[eDebate] Opencaselist: Fulltext Tangent

Michael Antonucci antonucci23
Thu Aug 27 15:14:38 CDT 2009

Thank you for engaging on this issue in good faith.  I do feel strongly
about this, so I apologize sincerely in advance if I sound a little snarky.

"1. assumes all cards are scanned/OCR-ed or from electronic sources--not
true.  While the transition to all-electronic is certainly advancing, not
everyone is one board."

I don't assume that.

I do assume that a large percentage of people directly cut the majority of
their evidence from electronic sources.  Most people don't scan or OCR that
much, actually, because they primarily work with electronic cards, obviating
the need for "translation" to an electronic format.

**That "assumption", however, is not a premise of my argument.**

My argument is a simple conditional.  *If* someone has easily accessible
full electronic text of their evidence, *then* they should make that fully
available without introducing a deliberate labor-intensifying inefficiency.
When we go through our electronic 1ac word documents to take out the middle
of cards prior to uploading it, we, collectively, are being stupid.


If you scan through the caselist and see first and last words for a politics
link card that is obviously from Lexis, you know that's a deliberate
efficiency fail.  If you scan through the caselist and see first and last
words for a book, then it's clearly not a failure on the part of that team.

I defy you to find a team that regularly cuts journal articles or newspaper
articles on paper, and actually tapes down their politics DA.

"2. it's too easy--people would have zero incentive to read the actual book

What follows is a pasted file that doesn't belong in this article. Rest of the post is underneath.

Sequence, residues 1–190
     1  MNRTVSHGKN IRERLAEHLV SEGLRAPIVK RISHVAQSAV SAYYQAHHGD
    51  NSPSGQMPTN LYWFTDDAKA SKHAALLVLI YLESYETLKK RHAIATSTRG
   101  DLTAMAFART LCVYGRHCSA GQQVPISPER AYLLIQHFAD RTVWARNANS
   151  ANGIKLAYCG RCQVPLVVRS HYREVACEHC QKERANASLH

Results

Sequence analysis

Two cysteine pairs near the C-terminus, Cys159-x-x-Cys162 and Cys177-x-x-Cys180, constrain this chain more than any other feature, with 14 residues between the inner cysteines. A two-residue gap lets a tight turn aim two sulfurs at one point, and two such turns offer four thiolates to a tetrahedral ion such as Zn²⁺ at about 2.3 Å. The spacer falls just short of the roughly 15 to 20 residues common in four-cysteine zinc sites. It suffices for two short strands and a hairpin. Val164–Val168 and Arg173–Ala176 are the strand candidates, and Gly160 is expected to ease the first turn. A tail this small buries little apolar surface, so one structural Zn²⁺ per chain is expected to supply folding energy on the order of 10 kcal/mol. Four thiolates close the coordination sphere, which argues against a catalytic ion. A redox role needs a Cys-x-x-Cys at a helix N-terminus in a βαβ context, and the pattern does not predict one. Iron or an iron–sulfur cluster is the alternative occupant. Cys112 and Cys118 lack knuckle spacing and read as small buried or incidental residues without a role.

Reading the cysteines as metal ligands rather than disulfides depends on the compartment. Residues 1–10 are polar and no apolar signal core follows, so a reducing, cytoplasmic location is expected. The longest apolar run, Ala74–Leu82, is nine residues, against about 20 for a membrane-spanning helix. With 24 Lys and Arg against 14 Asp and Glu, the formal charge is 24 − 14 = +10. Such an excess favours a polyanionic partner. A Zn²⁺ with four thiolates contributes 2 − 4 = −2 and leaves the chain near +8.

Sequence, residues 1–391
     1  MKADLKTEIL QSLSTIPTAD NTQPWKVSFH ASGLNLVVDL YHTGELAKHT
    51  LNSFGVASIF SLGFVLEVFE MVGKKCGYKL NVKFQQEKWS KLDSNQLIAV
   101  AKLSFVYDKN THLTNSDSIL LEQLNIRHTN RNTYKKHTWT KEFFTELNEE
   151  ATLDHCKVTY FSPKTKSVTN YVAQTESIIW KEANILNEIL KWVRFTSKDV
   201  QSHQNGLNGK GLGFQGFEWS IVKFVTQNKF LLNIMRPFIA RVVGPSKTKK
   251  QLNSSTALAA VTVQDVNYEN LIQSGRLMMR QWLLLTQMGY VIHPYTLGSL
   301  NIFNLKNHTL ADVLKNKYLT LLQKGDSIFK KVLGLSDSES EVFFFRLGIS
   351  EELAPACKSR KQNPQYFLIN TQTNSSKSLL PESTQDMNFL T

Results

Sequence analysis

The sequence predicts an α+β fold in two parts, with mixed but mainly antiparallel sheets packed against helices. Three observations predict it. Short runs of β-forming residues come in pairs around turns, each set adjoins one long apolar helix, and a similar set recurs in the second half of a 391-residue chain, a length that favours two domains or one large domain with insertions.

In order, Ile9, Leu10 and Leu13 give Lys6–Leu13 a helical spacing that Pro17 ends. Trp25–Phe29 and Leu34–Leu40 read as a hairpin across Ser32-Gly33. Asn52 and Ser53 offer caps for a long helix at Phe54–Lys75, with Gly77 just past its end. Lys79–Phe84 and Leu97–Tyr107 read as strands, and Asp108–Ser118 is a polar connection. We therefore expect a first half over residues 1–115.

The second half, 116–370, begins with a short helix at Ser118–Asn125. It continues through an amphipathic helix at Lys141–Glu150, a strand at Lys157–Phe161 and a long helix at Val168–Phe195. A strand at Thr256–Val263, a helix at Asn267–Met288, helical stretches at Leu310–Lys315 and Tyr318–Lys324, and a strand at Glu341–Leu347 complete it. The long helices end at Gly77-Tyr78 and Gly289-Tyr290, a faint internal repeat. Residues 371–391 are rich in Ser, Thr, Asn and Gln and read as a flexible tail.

or article...so many would just copy and paste the card.  I don't think
anyone gains a bit of education under that process."



The absolutely only incentive to read an opponent's 1AC sources is to do the
rote work of filling in the middle of the card?  Looking for counterplan
options, checking the actual context of the argument, etc. - that doesn't

I disagree.  The model that you're pushing here presumes that our students
and coaches aren't smart.  It's paternalistic, ultimately.  It's dressage.
It presumes that debaters naturally aren't going to do something
competitively useful, and they need to goads that artificially induce labor
that would otherwise be unnecessary.

"I also do not know what you mean by "smart labor"."

Replicating a uniqueness card by punching firstlast into Lexis: dumb labor.
Reading the text of key articles to determine context and devise strategies:
smart labor.

Digging holes and filling them back in to feel that you're working hard is
dumb.  That's what we're doing now by maintaining artificial opacity.  We're
making students dig holes (or paying people to dig holes that they don't
need to dig, as a sort of debate TVA.)

"If this means efficiency, then education outweighs efficiency in my book
(although not mutually exclusive in all cases)."

I concur.   Education is the point.  We agree on that, so there's no impact
comparison - just a link debate.

Efficiently eliminating rote labor (unnecessary shotgun-coverage scouting,
chasing down cites, long awkward email exchanges over citations, mindlessly
replicating cards that could be easily emailed because we think debaters
won't work unless we counterintuitively make it harder for them to do so) is
educational because it frees up time to think, strategize, and read instead
of replicating.  There's a finite amount of research time.  Let's spend it
doing smart stuff, not dumb stuff.

We disagree on this, and most anyone who appreciates the convenience of
opencaselisting - collective scouting - and other similar labor-saving
materials should probably respectfully disagree with you as well.

Every argument that you're making now was previously leveled against other
hole-digging prison labor projects we used to fetishize in the past.  Let's
move on.

Michael Antonucci
Debate Coach
Georgetown University
Mobile: 617-838-3345
Office: 202-687-4079
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